How do we create a histogram in Microsoft Word?

Creating a histogram with a frequency polygon in Microsoft Word

Microsoft Word has a bevy of powerful chart-making tools, capable of creating almost any kind of graph or chart that one can imagine. The way to create some of these charts are not immediately obvious, however, and one of these kinds of charts is the histogram (with an accompanying frequency polygon).

Histograms with frequency polygons are often used in statistics to organise quantitative data and visualise frequency distributions. They are essentially bar-line graphs (the histogram is a bar graph, and the frequency polygon is a line graph), but without the gaps between the bars in the bar graph.

If you’re not fond of reading, you can also check out our video guide below. For those of you who prefer to read, scroll beyond the video to continue the article.

They say a picture speaks a thousand words, so our video probably speaks more than 3000.

Creating the bar-line chart

To begin, we will first create a bar-line chart in our Word document. Once that is done, we will modify that so that it resembles a histogram used for visualising frequency distributions.

  1. We will start by creating a bar chart. Go to the Insert panel, then click on the Chart icon to open up a pop-up where you can select the chart you want to insert.
  2. Bar charts are categorised under the Column tab in this pop-up. Select the first chart in the Column tab, then click OK to create the chart.
  3. A bar chart should appear on your Word document, alongside an accompanying Microsoft Excel window containing the data for the chart. Each horizontal category of your chart should be partitioned into 3 “series”. We will be removing Series 3, and formatting Series 2 so that it displays as a line (instead of a bar).
  4. Go to the Word document. Right-click on one of the Series 2 bars, and on the context menu that appears, select Change Series Chart Type. This should bring up a pop-up similar to the one seen when first creating the bar graph.
  5. On the ensuing pop-up, select one of the line graphs, then click OK.
  6. You should now have a bar graph from Series 1, and a line graph from Series 2, which come together to form a bar and line graph.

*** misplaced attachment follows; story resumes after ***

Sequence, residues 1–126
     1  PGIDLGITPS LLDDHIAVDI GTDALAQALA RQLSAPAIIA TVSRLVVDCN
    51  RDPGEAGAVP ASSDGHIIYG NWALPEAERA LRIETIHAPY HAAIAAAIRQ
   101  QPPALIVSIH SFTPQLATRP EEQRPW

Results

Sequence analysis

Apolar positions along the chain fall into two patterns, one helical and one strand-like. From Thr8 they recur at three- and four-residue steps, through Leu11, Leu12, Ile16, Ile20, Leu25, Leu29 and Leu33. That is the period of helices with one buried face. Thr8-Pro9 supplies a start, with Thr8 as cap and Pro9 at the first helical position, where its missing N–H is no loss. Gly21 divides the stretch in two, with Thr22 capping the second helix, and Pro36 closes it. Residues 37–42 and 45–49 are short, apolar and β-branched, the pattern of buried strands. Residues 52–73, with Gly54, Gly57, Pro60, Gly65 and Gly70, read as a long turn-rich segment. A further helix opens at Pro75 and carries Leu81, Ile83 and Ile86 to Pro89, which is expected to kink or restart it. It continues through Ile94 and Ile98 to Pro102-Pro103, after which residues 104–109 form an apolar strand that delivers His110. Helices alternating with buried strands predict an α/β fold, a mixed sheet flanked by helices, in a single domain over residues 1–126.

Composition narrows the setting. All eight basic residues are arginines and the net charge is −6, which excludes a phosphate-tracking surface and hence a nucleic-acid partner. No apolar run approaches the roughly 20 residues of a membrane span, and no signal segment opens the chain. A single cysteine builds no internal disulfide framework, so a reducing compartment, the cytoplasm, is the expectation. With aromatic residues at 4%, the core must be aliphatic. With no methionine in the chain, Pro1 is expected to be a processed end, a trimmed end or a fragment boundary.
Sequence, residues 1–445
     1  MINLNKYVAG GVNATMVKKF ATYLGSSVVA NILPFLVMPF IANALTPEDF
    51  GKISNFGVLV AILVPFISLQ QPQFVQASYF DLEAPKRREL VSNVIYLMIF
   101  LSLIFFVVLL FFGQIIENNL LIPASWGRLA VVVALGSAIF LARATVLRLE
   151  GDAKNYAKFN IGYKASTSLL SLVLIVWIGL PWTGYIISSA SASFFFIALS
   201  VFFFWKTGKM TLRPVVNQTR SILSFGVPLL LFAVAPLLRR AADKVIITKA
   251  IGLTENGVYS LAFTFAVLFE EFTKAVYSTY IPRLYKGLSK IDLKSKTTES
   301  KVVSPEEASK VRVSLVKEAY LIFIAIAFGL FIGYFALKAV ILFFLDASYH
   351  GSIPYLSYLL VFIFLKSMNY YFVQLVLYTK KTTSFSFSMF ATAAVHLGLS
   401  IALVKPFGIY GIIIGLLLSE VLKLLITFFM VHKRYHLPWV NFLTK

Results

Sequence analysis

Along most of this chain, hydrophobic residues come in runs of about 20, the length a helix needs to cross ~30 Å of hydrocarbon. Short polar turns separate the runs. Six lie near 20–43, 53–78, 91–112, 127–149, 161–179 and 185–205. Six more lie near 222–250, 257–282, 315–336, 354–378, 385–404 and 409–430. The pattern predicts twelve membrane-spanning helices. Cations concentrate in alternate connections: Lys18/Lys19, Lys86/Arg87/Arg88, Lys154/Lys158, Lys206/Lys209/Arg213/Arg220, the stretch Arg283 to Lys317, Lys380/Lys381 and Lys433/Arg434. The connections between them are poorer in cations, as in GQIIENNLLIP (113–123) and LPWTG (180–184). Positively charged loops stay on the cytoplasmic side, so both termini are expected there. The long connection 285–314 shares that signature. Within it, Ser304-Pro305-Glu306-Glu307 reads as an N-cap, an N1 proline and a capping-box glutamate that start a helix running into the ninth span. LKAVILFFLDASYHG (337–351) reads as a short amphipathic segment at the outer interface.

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Turning the chart into a histogram

To make our bar-line chart into a histogram, we need to remove the gap between the bars.

  1. To do so, right-click on one of the Series 1 bars, and on the context menu that appears, select Format Data Point.
  2. This should bring up a sidebar (or a pop-up, depending on your version of Microsoft Word), wherein you can reduce the Gap Width. Although a histogram has technically no gap between its bars technically, settting the Gap Width to 0% is not visually appealing. Hence, you can assign a slight Gap Width, like say 3% for a better look. This should give you a histogram with a frequency polygon.

Adding and naming a secondary axis

Histograms used for displaying frequency distributions usually have 2 markers on the vertical axis. If you want to introduce a secondary axis on the right vertical of the graph, you’ll need to do the following.

  1. Right-click on the line chart (that represents the Series 2 data), and select Change Series Chart Type. This should open a pop-up for you to configure the type of graph that Series 2 should display as.
  2. There should be a list of the Series data on the pop-up, with a Secondary Axis checkbox beside each of them. Check the Series data that you want to serve as your secondary axis, and you should now see a secondary axis on the right vertical of the graph.


Did you manage to create your histogram with a frequency polygon? If we missed anything out, do let us know in the comments below.

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